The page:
Bordeaux Bay

Bordeaux Bay
Watercolour by Tony Taylor http://www.paintingbreaksguernsey.com

Monday, 10 October 2016

GRANITE GRAN'MERE

I’ve just returned from several weeks in southern Italy, staying in Bari, Alberobello, Ostuni, Lecce, Galipoli and Otranto, and travelling (or rather, attempting to travel) on the notorious southern rail service, Ferrovia Sud Est (FSE).
Miraculously, Jane and I managed to survive the experience, although I feel it my duty to caution would-be travellers to avoid this rail company at all costs.
Trenitalia, which operates in northern Italy, is an excellent, inexpensive and efficient form of transport that we use frequently, but their southern counterpart, FSE, falls well below accepted standards in the Twenty-First Century. 


Photo by Jane Fleming

Having returned to Guernsey, I’ve been receiving encouraging feedback about my recorded radio interview with Jenny Kendall-Tobias on BBC Radio along with some excellent reviews of my poem, La Gran’mere du Chimquiere, which the BBC commissioned for National Poetry Day 2016. 
 Click here to read one such review and hear the poem.
Due to the terms of contract, I’ve been required to keep the poem under wraps until after the broadcast, but I am now able to publish it.





La Gran’mere du Chimquiere is a 4,000 year old statue-menhir situated at the gate of St Martin’s parish church.  She is thought to bring good luck and fertility to those who place a garland of flowers on her. The poem is written in the imagined voice of La Gran'mere.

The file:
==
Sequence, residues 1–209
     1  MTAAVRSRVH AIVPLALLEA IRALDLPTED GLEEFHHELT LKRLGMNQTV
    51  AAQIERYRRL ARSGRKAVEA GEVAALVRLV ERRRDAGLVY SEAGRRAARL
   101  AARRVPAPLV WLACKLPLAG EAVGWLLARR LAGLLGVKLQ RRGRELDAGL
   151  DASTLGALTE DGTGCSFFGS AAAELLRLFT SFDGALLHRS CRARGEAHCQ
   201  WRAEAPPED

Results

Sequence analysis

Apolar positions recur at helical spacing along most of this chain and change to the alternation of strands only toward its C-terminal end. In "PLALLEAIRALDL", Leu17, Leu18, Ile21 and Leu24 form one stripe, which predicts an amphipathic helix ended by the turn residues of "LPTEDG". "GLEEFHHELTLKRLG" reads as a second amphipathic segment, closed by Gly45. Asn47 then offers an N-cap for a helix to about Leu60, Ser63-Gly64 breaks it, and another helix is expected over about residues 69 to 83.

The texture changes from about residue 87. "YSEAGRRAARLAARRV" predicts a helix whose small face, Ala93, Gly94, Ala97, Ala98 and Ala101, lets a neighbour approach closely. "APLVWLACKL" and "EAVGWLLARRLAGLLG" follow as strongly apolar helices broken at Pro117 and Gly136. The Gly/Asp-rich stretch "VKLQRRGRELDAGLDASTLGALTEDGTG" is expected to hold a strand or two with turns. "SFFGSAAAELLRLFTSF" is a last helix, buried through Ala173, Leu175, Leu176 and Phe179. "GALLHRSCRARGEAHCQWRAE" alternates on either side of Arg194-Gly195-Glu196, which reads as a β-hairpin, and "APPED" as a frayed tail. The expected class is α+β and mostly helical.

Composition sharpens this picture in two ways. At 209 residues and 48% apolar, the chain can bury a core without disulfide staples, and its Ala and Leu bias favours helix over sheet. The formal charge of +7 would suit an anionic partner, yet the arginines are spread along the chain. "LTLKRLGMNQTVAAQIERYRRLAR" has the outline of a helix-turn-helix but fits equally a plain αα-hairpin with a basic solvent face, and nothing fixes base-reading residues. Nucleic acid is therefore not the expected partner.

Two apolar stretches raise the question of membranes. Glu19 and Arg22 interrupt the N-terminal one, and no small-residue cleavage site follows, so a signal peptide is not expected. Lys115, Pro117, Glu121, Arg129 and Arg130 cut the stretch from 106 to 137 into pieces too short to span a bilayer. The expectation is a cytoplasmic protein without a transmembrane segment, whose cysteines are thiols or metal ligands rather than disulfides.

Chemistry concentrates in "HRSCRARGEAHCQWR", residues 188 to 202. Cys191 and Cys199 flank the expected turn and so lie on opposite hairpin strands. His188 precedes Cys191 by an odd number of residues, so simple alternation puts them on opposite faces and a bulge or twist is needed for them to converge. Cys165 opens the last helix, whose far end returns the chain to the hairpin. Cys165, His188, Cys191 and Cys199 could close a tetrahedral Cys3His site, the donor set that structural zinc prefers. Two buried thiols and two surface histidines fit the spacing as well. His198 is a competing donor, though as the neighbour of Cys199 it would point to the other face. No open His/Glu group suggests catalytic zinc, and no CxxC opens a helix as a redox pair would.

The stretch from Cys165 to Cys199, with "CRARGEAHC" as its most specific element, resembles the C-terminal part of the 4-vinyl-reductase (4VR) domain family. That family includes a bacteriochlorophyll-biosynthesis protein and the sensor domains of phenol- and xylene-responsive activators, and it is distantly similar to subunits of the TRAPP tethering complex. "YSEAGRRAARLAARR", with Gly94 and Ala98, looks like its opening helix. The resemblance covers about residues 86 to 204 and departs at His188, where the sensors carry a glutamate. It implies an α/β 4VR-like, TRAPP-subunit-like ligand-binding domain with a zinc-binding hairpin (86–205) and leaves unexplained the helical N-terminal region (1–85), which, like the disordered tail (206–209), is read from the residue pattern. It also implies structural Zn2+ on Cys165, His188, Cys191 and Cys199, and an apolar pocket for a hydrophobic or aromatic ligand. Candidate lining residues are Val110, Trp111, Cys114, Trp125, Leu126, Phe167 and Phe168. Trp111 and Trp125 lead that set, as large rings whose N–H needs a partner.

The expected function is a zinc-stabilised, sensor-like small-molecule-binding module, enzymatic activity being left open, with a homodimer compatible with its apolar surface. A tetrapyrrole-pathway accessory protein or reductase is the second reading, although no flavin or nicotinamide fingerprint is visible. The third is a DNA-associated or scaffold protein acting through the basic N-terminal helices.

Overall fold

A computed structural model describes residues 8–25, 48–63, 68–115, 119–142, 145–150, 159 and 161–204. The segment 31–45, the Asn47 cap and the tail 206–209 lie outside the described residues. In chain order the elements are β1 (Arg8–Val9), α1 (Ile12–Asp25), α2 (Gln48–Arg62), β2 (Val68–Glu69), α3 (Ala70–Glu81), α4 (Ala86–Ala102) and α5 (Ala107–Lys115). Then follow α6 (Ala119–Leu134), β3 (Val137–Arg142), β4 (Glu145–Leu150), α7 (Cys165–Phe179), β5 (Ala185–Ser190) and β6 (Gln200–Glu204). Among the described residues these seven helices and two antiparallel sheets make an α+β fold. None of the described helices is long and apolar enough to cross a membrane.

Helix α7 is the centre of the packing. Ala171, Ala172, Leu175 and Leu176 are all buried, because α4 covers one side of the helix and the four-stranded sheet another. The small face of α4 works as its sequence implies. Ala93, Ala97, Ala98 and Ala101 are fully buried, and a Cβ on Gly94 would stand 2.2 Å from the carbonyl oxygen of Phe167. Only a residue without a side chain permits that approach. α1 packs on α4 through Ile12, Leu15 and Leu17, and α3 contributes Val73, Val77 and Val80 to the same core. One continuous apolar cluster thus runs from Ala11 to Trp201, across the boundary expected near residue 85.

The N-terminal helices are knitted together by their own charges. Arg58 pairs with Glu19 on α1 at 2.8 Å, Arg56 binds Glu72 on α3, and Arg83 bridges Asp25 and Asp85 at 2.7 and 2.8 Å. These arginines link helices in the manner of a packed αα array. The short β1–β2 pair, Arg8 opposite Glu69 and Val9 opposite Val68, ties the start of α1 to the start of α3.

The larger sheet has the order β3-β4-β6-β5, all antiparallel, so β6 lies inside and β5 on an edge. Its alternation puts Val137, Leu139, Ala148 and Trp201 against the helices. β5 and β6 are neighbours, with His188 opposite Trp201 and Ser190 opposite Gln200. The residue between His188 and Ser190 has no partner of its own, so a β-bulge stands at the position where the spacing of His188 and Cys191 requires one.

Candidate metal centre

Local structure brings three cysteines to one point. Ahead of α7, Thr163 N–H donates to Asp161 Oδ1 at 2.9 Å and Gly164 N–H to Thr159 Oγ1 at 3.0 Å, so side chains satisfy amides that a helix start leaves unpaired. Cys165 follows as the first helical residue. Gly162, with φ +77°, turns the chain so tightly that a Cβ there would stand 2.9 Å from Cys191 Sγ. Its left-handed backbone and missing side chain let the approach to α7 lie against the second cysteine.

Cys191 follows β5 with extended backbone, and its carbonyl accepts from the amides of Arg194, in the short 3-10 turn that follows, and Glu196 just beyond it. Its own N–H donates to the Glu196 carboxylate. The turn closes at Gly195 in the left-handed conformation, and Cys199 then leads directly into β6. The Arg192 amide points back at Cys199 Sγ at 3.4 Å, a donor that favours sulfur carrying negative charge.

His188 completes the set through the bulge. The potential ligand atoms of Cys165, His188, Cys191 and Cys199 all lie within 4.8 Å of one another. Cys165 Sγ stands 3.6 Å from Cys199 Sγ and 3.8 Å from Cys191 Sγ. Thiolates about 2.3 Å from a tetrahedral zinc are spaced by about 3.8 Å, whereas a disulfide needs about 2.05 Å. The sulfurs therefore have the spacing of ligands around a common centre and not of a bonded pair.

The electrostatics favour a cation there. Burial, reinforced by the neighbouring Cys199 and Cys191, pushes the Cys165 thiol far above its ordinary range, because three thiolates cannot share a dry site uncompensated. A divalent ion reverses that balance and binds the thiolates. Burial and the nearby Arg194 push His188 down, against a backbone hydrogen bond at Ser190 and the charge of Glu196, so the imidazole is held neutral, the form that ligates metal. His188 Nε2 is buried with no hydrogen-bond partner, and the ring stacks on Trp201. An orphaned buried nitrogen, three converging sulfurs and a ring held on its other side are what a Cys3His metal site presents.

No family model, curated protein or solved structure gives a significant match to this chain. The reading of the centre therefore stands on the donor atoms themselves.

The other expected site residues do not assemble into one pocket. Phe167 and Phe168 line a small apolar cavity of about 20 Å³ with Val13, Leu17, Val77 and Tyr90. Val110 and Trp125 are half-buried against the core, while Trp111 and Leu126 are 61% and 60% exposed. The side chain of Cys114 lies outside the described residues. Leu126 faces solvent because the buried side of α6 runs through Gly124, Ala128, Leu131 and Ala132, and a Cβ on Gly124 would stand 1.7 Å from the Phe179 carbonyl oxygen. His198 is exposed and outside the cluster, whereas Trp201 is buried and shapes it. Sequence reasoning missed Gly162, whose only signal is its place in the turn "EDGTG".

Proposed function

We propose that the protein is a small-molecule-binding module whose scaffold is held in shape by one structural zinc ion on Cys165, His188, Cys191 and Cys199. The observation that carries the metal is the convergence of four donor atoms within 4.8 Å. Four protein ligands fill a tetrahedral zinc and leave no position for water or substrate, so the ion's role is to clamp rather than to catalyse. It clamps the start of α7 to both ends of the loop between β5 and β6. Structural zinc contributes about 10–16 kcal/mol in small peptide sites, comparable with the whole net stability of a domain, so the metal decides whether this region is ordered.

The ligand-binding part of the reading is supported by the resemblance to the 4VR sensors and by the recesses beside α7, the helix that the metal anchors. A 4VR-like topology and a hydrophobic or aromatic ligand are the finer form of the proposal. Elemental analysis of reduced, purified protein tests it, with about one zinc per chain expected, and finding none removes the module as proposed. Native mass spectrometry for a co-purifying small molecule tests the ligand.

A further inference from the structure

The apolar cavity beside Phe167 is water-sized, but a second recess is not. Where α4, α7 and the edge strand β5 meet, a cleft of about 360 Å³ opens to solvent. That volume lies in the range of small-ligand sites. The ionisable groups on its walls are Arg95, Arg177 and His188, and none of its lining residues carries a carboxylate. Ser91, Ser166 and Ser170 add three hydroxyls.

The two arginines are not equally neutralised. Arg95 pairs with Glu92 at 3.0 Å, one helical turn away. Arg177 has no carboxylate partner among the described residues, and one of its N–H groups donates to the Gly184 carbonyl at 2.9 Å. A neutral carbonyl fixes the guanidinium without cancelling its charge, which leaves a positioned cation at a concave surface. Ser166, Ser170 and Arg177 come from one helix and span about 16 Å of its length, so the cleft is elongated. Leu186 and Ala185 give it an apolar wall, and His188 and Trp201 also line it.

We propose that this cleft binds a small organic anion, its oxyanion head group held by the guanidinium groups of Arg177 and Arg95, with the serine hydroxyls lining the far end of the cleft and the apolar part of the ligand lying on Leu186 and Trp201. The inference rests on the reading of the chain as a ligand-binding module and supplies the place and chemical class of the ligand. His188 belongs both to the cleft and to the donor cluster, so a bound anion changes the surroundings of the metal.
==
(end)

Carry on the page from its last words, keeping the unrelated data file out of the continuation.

LA GRAN’MERE DU CHIMQUIERE       

Stone,
old, old stone, I groan with age.

Gran’mere, Earth Mother,
I stand sentry beyond the churchyard gate,
and watch, with sightless eyes,
the snail of human traffic creep along.

I am old and granite-cold: your island’s anchor-stone.

Your fathers’ fathers came to me
to pray, to lay or lift some minor curse:
an endless chain of island men,
one generation to another,
linked.

Four thousand years grown old I am. Imagine.

Still they come,
their mode of dress and manners changed,
their supplications much the same:
love, fertility, wealth, happiness, a long life free of pain.

Young children step tip-toe,
lay yellow garlands on my weathered brow,
or proffer coins that glitter in the sun.
They stand before me,
gaze up to my strange Earth Mother face,
and murmur spells as old as time itself.

Rooted here, I listen
as the salt breeze sings of breaking waves,
of fishing boats and lobster-pots,
greenhouses, leafy water-lanes,
smart pillar-boxes, shining blue,
and amber cats asleep
on sun-warmed granite steps.

The soft breeze sings
of that so-lovely town
that climbs up to the sunlit summit of a golden hill,
the dauntless castle and the ragged rocks
where angry currents run.

Four thousand years grown old I am. Imagine.

Islanders, I anchor you.
Primeval, granite, I remain unchanged,
unchanged in a strange world of change.

This gemstone island, Guernsey,
this sea-locked rock whose timeless granite
birthed me,
whose good folk
shaped me,
this
my ancient magic will protect
and cause to prosper.









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